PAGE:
Although Mr Grayling has repeatedly claimed that the prison system can cope with anyone given a custodial sentence by a court, the Prison Service has its own internal categories: “certified normal accommodation” and “operational capacity”. According to the MOJ, the former “represents the good, decent standard of accommodation that the Service aspires to provide all prisoners”, while operational capacity means: “the total number of prisoners that an establishment can hold without serious risk to good order, security and the proper running of the planned regime”.

In short supply at the moment
However, with the current total number of prisoners in England and Wales already thousands above the certified levels and now creeping up towards the operational capacity, it is clear that somewhere along the line someone made a pretty spectacular miscalculation. Add to that a substantial reduction in the number of frontline prison staff and you have all the ingredients for an operational meltdown.
The Howard League has calculated – using the MOJ’s own data – that there has been a 41 percent reduction in the total number of operational grade staff since 2010 when there were around 24,000 to 2014 when there are 14,170. It is true that this figure is hotly disputed by the MOJ which claims there are now 27 percent fewer officers than in 2010, but either way, the prison population has increased, the number of certified places is down (due to prison closures) and there are fewer wing staff around – as evidenced by the need to move officers around on what is euphemistically called ‘detached duty’.

This practice, in itself, can have serious implications for security in our prisons. Staff bussed in temporarily from hundreds of miles away won’t know inmates as individuals. There can be no relationship of trust developed and warning signs that trouble may be brewing can be missed. It is, at best, a haphazard – and expensive – way of trying to apply a band-aid solution for what amounts to a very serious mismanagement of a key public service. As usual, the taxpayer will be footing the bill for all of this.
During his interview on Newsnight, Mr Selous really did seem to be completely out of his depth when challenged over the reasons that the current crisis is ongoing. There is still a very unconvincing sense of denial surrounding the marked rise in suicide and self-harm in our prisons, as well as a failure to explain why violent incidents – particularly assaults on staff – are up. Mr Selous’ feeble suggestion that we are now jailing “more violent people” was, frankly, a desperate effort to try to divorce these issues that need to be addressed urgently from the escalating crisis inside prisons that has it roots in poor decision-making by politicians.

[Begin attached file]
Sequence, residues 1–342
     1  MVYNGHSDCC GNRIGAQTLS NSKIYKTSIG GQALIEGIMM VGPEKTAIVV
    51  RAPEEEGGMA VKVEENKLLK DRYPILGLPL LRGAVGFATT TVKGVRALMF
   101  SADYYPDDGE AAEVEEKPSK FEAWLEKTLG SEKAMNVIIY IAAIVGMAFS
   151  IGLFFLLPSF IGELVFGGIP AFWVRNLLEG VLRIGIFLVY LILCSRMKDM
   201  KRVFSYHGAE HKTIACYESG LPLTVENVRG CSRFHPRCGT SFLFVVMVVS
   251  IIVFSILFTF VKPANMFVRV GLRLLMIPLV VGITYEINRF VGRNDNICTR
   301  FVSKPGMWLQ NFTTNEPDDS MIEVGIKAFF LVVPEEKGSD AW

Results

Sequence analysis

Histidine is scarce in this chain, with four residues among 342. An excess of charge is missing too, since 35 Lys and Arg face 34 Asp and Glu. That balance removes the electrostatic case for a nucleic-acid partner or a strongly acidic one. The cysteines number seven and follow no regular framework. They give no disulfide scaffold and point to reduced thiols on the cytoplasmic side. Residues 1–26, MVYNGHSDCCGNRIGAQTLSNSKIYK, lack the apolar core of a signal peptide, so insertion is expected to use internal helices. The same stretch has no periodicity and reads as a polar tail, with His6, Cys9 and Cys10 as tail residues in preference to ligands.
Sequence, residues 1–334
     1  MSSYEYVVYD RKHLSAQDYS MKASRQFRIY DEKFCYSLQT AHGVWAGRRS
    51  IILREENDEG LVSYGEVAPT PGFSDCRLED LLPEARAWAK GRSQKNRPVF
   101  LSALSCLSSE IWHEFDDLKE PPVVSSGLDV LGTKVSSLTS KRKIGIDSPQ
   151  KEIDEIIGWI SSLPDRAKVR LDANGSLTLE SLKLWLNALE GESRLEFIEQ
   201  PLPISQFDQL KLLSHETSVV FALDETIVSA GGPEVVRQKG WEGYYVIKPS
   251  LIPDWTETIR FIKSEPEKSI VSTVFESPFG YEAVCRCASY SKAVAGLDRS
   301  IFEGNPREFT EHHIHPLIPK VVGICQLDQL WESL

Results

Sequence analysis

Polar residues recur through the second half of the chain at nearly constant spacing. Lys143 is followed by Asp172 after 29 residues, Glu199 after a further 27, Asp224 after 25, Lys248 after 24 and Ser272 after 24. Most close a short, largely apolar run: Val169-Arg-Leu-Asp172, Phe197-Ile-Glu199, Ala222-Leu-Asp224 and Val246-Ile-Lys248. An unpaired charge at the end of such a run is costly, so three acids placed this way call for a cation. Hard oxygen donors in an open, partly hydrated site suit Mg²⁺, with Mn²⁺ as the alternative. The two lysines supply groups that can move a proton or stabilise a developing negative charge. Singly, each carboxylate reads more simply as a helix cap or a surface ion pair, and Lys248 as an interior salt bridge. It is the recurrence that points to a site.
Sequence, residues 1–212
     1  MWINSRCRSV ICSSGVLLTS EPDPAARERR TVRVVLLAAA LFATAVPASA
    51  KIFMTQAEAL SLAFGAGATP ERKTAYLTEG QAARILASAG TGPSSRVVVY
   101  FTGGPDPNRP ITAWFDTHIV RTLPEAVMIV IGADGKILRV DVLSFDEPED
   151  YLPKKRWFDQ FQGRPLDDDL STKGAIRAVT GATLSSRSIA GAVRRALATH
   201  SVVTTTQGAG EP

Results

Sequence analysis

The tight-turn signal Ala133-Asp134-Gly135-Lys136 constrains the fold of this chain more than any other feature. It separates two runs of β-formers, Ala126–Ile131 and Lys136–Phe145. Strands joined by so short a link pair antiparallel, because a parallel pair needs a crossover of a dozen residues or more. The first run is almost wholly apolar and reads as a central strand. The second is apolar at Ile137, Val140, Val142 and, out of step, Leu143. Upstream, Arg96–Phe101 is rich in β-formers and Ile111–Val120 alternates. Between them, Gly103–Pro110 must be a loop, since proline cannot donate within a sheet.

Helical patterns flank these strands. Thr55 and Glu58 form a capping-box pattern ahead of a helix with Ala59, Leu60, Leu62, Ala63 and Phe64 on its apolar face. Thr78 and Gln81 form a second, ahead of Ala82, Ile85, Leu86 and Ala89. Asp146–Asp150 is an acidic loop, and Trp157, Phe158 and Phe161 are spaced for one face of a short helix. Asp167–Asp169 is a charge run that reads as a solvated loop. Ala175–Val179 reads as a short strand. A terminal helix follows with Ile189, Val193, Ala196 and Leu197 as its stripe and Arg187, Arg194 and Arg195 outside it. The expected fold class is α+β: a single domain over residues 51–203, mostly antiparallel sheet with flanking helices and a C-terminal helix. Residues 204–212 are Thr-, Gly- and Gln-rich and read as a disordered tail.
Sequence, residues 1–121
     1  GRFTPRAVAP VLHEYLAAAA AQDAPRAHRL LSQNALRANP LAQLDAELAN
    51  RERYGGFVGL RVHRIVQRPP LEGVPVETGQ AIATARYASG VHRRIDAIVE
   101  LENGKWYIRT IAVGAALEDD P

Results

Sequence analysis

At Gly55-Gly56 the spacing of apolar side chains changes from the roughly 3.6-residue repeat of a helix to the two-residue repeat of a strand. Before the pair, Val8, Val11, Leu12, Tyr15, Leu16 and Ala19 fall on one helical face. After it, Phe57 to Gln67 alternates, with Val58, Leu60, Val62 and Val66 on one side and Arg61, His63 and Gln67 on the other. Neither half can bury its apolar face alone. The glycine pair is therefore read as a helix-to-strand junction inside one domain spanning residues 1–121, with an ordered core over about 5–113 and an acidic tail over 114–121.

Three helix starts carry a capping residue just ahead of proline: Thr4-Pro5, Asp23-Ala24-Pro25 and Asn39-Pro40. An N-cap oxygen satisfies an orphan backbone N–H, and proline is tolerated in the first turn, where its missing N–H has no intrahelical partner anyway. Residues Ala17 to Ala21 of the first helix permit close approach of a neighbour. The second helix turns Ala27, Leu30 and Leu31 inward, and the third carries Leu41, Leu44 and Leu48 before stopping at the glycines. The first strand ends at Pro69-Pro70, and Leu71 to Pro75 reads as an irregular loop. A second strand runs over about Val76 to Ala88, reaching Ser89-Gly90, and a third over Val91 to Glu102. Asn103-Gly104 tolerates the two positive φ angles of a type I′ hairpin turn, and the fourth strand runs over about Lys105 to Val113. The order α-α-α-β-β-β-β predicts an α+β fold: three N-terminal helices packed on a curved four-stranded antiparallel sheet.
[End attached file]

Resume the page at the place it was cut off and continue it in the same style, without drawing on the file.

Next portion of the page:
Ministers and officials simply can’t bring themselves to admit that our jails are much less safe and decent places at the moment because of serious mismanagement of the Prison Service by the MOJ’s political leadership. They can’t credibly claim that they weren’t warned. Both the Prison Governors’ Association and the POA – as well as HM Inspectorate of Prisons and the Prison and Probation Ombudsman – have given warning after warning that our prisons are heading for disaster. Juries, it seems, aren’t eager to convict prisoners protesting against deteriorating conditions, including 23-hour bang-up in tiny, overcrowded cells.
Strangeways: the first to riot in 1990
The stage is set for more violence, further suicides and self-harm and, potentially, more serious disturbances and even riots. We may not yet be close to the kind of uprising that occurred across the prison estate back in 1990 when HMP Strangeways went up in smoke over 25 days of violent protest, followed by a number of other prisons across the UK, but many of the same warning signs are present today. Staff morale is close to rock-bottom and with too few frontline officers to effectively control wings – especially in Cat-B and C establishments – if things do kick off, the situation could easily slide out of control, perhaps even more quickly than it did nearly 25 years ago.

If there are prison riots, then Mr Selous – an Old Etonian who seems to have spent much of his career either in the family electronics business or as an insurance underwriter – really won’t be the man capable of sorting it all out. If his performance on Newsnight is anything to go by he’ll be drowning, not waving, when the MOJ Titanic finally hits the iceberg.